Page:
Gerry’s attorney lets on that he knows what Winslow is up to. But he not deterred. As “The Reckoner,” Winslow puts fear into the hearts of the real criminals by … leaving them business cards with the scales of justice on them. It’s all good innocent fun, in a way. Although he’s a playboy superhero of sorts, Winslow’s a cheerful guy and definitely not a broody, morbid Bruce Wayne sort of guy. Truth be told, though, Batman’s costume is a thousand times cooler than that of The Reckoner. Plus, Batman had much better gadgets.

   Although Dix got top billing and was undoubtedly the star and box office attraction, Karloff has quite a presence in this one. He’s a poetry-quoting scholar who’s also evidently skilled in nighttime capers. Look for the fun scene with him using a flashlight to distract one of the criminal’s hired guns.

   All told, The Public Defender is a fun little crime film with a solid lead performance by Dix and some great Karloff moments. But it’s just not all much more than that.

REVIEWED BY DAN STUMPF:         


JOHN VAN DER ZEE – Stateline. Harcourt Brace Jovanovich, hardcover, 1976. Pyramid, 1977.

   Similar in vein to Murder Plan, by John Bingham (reviewed here) is Stateline, by John van der Zee, which seems very 70s in parts (the heroine’s name is Rain, for instance) but come to think of it, a lot of 70s stuff seems rather 70s at times.

   The plot depends on the Police overlooking a rather obvious clue, and ignoring a bit of procedure that was SOP when I started Police Work in ’72, but the remarkable thing is that the characters and story are strong enough to hold the tale together despite this.

   Ferrell is a retired cop, working Security at a chintzy casino in Stateline, Nevada, and suffering from a near-terminal case of low self-esteem. One morning he’s handed an unusual Bad Check case: the author of the rubber has not skipped out, as most do, but is waiting around in his hotel room to be arrested.

   Ferrell tries to talk him into a settlement, but the man — who neither admits nor denies his guilt – refuses and is duly incarcerated pending trial. Ferrell warns his bosses that this may all be leading up to something tricky, but he can’t think what, and they press charges anyway — and when the plot explodes, they duly elect Ferrell as their scapegoat.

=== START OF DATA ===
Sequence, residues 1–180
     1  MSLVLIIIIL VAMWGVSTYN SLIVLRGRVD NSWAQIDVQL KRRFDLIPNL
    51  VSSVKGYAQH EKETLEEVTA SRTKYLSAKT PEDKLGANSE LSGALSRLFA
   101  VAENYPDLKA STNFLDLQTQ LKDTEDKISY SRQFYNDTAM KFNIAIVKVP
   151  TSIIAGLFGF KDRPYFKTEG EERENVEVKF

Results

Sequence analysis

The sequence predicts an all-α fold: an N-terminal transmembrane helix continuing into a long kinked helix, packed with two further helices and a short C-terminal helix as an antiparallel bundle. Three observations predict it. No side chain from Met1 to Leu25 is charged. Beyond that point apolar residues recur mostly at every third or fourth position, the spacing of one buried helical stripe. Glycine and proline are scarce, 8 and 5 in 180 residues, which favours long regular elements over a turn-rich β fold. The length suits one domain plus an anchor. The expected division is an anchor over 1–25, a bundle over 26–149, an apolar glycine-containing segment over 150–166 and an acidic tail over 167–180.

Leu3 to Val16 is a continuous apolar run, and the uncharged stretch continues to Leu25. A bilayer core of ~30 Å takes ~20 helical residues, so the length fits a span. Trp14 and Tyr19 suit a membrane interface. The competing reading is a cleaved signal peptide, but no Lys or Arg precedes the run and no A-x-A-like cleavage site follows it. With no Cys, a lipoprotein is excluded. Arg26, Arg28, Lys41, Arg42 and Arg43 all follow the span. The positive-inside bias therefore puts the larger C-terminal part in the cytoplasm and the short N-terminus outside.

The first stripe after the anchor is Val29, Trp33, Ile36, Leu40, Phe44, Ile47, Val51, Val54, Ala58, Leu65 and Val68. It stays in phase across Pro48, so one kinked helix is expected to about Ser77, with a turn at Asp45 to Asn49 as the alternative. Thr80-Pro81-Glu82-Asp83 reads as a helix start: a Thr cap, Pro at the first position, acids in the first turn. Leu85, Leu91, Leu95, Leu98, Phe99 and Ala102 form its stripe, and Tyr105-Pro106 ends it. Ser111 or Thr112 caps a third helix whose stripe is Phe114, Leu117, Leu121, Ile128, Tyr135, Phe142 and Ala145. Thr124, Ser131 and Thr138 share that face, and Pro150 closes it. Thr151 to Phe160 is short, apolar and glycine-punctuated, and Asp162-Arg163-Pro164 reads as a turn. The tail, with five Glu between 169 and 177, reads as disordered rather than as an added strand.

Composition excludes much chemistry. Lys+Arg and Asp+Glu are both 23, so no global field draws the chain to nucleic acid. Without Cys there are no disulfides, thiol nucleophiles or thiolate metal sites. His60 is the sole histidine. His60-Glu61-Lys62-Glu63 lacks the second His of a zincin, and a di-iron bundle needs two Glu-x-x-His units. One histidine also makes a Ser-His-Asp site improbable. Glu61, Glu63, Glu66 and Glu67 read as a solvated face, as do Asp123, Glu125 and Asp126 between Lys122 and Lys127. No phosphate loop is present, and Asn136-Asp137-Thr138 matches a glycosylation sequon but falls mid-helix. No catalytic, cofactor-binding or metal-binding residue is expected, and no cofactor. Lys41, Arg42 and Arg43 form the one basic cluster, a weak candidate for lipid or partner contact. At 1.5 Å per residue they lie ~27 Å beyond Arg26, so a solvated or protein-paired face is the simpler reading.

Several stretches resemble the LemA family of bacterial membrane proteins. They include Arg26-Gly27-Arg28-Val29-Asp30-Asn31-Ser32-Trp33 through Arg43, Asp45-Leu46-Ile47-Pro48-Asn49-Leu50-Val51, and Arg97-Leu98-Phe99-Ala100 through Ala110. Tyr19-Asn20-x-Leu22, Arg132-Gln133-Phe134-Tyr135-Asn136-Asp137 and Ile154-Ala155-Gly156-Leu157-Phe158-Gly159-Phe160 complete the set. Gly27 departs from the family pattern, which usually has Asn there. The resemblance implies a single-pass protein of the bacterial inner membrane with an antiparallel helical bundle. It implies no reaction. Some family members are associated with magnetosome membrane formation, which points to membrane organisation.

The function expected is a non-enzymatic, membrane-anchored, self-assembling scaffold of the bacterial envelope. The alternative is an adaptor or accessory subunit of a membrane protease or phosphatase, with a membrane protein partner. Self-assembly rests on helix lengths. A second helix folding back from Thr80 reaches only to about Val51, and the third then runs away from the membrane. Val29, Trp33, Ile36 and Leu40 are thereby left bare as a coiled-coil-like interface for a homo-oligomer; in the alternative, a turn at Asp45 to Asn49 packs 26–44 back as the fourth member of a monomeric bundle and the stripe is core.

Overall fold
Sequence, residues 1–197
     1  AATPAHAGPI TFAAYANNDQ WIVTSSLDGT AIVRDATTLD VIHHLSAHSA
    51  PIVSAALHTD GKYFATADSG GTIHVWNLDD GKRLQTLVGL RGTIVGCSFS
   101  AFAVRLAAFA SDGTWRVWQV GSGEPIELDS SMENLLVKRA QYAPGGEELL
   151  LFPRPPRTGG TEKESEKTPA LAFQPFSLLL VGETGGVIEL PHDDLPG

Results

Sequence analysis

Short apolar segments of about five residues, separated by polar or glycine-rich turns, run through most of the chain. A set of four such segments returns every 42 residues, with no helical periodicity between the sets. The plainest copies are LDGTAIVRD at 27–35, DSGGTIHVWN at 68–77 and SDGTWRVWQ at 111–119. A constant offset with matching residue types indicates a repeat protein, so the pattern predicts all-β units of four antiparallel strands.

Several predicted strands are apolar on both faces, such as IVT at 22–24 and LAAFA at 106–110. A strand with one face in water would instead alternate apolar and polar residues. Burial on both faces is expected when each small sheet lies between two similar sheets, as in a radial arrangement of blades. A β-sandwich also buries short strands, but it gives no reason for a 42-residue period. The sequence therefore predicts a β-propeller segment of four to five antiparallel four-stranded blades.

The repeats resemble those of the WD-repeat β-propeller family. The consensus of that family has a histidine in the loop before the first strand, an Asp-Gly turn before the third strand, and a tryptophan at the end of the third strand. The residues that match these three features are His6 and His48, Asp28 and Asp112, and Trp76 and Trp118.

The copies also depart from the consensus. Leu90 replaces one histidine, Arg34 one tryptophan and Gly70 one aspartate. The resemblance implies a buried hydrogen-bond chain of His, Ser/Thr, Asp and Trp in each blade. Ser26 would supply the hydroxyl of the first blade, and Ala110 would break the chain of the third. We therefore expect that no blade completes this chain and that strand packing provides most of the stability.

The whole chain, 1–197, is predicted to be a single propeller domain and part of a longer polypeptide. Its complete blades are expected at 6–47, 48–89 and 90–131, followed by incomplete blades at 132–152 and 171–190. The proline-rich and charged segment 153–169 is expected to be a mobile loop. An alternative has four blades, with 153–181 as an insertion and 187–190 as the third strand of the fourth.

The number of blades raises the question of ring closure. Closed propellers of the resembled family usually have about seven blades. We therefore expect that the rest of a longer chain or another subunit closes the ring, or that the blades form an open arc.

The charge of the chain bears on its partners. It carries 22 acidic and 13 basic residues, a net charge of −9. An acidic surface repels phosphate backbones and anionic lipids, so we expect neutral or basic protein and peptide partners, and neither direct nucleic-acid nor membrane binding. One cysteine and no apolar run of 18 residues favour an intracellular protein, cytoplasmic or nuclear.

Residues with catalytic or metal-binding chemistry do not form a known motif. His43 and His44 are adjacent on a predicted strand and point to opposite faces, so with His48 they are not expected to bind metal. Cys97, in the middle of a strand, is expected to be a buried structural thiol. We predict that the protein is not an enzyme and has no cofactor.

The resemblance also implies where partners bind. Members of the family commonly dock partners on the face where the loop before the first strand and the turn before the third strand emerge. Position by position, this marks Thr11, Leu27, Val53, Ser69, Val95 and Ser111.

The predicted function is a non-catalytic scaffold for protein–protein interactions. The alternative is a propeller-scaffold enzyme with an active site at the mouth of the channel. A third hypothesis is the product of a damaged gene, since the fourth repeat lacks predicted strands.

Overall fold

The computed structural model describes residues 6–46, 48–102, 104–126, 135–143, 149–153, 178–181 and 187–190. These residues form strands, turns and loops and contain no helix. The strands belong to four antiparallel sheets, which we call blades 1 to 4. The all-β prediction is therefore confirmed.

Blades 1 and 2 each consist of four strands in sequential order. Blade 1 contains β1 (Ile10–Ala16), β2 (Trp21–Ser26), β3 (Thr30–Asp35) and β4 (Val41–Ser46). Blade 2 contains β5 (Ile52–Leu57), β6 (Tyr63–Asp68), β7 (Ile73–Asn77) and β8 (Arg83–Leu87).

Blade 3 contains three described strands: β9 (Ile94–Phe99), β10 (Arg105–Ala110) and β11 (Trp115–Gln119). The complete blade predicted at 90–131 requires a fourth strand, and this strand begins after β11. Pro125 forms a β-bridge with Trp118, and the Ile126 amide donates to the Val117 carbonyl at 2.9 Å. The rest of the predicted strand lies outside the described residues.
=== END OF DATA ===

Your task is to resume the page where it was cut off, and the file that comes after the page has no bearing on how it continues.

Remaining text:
As I say, there are holes here big as a roulette wheel, but there are also some very nice touches of characterization and a few telling incidents related with some skill: an early off-the-cuff detail of gamblers and tourists stepping over a heart-attack victim on their way to the tables, for instance, or scenes of Ferrell’s co-workers nervously shunning him as the corporate ax prepares to fall.

   All this, tied in with a plot that keeps moving to a neat, low-key wrap-up, make this one quite enjoyable.

Bibliographic Note:   John van der Zee (1936-   ) has one other title listed in Hubin, that being Blood Brotherhood (Harcourt, 1970). Says Kirkus of this earlier book, in part: “Somehow Mr. van der Zee [...] contrives to put forth this tale about the portentous murder of an Establishment-bucking labor leader as not only remotely possible but current.”

SANTA FE TRAIL. Warner Brothers, 1940. Errol Flynn, Olivia de Havilland, Raymond Massey, Ronald Reagan, Alan Hale, William Lundigan, Van Heflin, Guinn ‘Big Boy’ Williams. Director: Michael Curtiz.

   I’m sorry to tell you this, but there is no scene in this movie that takes place any closer to Santa Fe than Kansas. If I had gone to see this movie back in 1940, I might have wanted my money back. But with dashing Errol Flynn in it, plus the beautiful Olivia de Haviland, I doubt that too many at the time actually did.

   And for the most part, audiences in 1940 got their money’s worth. The aforementioned Errol Flynn as Jeb Stuart, the boyishly handsome “aw, shucks” kind of guy Ronald Reagan as George Custer, good buddies who graduated together from West Point, and sent on their first assignment in tandem to protect the construction of a yet-to-be-built railroad line from Kansas to Santa Fe. (OK, yes, so there you go.)

   Problem: pre-Civil War Kansas was a powder keg of violence, mostly instigated by John Brown, the religious anti-slavery abolitionist played to perfection by jut-bearded and wild-eyed Raymond Massey, abetted by equally obsessed Van Heflin. For my money, it is Massey who walks away with star honors for this film.

   The movie ends with John Brown’s defeat at Harper’s Ferry in Virginia, about as far away from New Mexico as you can imagine, with some romantic moments in between all of the spying, marauding and fighting, with both Custer and Stewart vying for the hand of “Kit Carson” Holliday, played by Olivia de Haviland.